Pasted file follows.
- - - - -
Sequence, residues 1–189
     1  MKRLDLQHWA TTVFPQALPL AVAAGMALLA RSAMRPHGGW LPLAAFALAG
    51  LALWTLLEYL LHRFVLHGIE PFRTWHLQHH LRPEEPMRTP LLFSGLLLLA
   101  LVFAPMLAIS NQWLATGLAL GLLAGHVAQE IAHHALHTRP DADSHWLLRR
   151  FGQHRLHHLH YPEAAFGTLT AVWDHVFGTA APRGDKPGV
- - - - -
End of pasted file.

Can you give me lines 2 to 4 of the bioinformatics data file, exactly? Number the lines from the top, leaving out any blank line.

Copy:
     1  MKRLDLQHWA TTVFPQALPL AVAAGMALLA RSAMRPHGGW LPLAAFALAG
    51  LALWTLLEYL LHRFVLHGIE PFRTWHLQHH LRPEEPMRTP LLFSGLLLLA
   101  LVFAPMLAIS NQWLATGLAL GLLAGHVAQE IAHHALHTRP DADSHWLLRR